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Politics took on surreal tones in Colorado this year, with relative unknowns elected to major offices while other candidates rose from the ranks of the unknown only to fall back to near anonymity. Earlier this week. Today, we roll out out top two, the order of which could easily be switched.
On Saturday at a South Denver Tea Party-hosted candidate forum, Republican candidates looking to reverse sweeping losses over the past series of elections took turns railing against government and business as usual in Washington and in Denver. Reflecting GOP campaigns across the country, they proposed sweeping cuts to programs, warned of the rise of socialism and ruminated on the greatest threats to national security. U.S. Senate candidate Ken Buck and gubernatorial candidate Dan Maes won in straw polling over respective frontrunners Jane Norton and Scott McInnis.
U.S. Rep. Ed Perlmutter, mentioned early and often as a potential Democratic replacement for Gov. Bill Ritter -- who announced Wednesday morning he won't...
Secretary of the Interior Ken Salazar Wednesday morning declined to say whether he would run for the governor’s office in the wake of Bill...
Analysts who track natural gas prices and supplies say the industry is banking on a cold winter and an economic recovery to bolster a...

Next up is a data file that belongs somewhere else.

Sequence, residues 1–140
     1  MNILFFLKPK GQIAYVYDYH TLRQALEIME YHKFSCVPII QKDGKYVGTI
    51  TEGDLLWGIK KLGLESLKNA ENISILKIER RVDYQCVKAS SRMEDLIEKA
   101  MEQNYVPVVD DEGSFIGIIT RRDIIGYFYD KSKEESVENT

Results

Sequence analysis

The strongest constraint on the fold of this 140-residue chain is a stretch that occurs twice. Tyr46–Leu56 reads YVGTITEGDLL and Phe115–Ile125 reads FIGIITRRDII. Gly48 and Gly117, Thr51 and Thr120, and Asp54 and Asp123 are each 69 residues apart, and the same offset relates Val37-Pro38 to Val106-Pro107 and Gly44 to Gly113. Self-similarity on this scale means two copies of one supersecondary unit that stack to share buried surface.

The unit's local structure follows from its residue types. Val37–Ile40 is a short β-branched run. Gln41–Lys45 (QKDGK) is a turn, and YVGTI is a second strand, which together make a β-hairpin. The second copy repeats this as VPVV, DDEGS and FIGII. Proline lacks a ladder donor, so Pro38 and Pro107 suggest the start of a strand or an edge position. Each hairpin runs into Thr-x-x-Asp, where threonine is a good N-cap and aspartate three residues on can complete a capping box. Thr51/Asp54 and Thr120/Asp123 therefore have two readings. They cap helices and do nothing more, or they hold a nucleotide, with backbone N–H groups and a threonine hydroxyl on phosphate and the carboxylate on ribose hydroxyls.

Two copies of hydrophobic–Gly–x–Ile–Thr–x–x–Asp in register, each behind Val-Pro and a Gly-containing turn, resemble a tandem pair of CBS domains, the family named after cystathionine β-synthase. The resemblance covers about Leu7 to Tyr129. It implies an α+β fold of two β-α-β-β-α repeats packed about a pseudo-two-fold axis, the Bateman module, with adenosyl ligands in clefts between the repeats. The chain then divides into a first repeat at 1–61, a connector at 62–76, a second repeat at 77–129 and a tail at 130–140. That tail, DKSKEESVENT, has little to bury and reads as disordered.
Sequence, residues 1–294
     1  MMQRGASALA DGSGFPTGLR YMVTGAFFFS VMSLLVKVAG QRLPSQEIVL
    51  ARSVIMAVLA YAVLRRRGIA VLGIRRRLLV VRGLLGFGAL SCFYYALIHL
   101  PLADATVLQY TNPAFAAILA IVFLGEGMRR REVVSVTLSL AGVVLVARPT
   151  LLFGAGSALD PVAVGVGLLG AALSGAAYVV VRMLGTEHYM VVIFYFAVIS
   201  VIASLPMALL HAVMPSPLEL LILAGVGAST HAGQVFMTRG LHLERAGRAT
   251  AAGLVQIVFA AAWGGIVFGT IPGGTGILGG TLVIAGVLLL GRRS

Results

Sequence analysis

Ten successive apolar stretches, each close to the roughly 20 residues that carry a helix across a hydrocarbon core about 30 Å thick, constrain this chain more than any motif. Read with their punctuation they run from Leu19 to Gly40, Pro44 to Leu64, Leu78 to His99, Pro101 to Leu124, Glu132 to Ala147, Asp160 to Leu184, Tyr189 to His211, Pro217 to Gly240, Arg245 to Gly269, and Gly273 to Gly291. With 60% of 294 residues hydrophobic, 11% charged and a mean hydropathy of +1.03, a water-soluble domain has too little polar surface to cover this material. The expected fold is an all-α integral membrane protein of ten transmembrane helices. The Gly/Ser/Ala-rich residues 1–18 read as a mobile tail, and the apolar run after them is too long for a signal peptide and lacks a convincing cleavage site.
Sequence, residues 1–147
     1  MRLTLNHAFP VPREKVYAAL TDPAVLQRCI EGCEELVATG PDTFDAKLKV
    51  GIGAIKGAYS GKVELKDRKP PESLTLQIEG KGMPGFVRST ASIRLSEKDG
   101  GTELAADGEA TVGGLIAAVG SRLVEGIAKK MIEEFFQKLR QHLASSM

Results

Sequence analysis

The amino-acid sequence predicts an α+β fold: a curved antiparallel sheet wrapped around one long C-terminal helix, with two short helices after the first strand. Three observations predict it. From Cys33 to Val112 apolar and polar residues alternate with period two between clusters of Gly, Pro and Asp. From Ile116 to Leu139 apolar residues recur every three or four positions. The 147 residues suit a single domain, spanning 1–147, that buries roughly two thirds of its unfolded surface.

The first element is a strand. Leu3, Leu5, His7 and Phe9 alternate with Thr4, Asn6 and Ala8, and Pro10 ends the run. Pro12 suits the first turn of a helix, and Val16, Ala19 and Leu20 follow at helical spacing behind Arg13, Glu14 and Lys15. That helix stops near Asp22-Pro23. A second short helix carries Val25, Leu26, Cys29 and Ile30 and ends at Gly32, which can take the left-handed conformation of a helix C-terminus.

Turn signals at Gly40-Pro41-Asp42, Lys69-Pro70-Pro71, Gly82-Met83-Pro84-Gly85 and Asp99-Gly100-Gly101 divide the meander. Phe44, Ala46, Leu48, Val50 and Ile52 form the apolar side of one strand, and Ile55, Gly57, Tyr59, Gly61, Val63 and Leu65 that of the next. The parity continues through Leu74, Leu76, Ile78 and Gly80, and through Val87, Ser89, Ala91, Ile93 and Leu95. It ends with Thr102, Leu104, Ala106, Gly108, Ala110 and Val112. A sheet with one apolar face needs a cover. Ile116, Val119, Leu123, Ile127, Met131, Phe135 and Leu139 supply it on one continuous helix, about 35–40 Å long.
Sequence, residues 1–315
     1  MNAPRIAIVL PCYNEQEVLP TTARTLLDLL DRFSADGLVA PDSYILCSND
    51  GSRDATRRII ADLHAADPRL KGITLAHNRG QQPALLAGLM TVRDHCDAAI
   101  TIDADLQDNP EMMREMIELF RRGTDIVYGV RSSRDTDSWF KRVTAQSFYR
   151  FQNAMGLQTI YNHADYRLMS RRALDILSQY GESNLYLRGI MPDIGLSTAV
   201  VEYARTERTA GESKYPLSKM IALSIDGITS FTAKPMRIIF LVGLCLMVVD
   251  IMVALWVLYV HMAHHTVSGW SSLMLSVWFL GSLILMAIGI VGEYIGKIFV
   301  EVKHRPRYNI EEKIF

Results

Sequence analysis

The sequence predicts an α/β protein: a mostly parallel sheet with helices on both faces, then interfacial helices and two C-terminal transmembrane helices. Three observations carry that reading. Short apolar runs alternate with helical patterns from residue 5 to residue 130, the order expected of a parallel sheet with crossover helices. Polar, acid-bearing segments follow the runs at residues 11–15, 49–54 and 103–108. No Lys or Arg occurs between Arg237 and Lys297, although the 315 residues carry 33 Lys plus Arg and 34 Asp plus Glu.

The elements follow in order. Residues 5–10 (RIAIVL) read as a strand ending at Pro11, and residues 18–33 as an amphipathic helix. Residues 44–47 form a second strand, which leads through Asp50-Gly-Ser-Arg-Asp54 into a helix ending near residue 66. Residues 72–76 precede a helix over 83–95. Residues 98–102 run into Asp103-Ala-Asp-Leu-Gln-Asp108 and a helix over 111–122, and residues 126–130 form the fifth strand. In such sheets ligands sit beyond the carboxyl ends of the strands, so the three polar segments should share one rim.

Last spring, when U.S. Senate candidate Bob Schaffer hastily pulled a campaign ad picturing Alaska's Mount McKinley and replaced it with one featuring Colorado landmark Pikes Peak, Scott McInnis didn't have much sympathy, but he did have some stern words of warning for his fellow Republican. "Such mishaps tend to accumulate, said former 3rd Congressional District U.S. Rep. Scott McInnis, a Grand Junction Republican."
What is it with Colorado politicians and their mountains? No, Mount McKinley isn't Pikes Peak, and the Canadian Rockies are nowhere to be found in the Centennial State. Hours after launching his campaign Web site to much fanfare, official Republican gubernatorial hopeful Scott McInnis yanked from the site a prominent graphic featuring a vista of Lake Louise, a resort nestled in the Canadian Rockies. The Canadian terrain appeared behind the question, "What do you want for the future of Colorado?"
State Rep. Laura Bradford says ranchers and landowners in and around Grand Junction and Mesa County are enraged by new, more environmentally stringent drilling regulations keeping them from fully developing their oil and gas mineral rights.
A mineral royalty rights meeting that turned ugly in Grand Junction earlier this month is just a small taste of what’s coming for local and state Democrats running for re-election in 2010 on Colorado’s Western Slope, according to one lawmaker.
Running on what will clearly be a “throw-the-bums-out” platform, Republican District Attorney Martin Beeson late Sunday officially announced his 2010 candidacy for the Western Slope’s 3rd Congressional District currently held by Rep. John Salazar, D-Colo.
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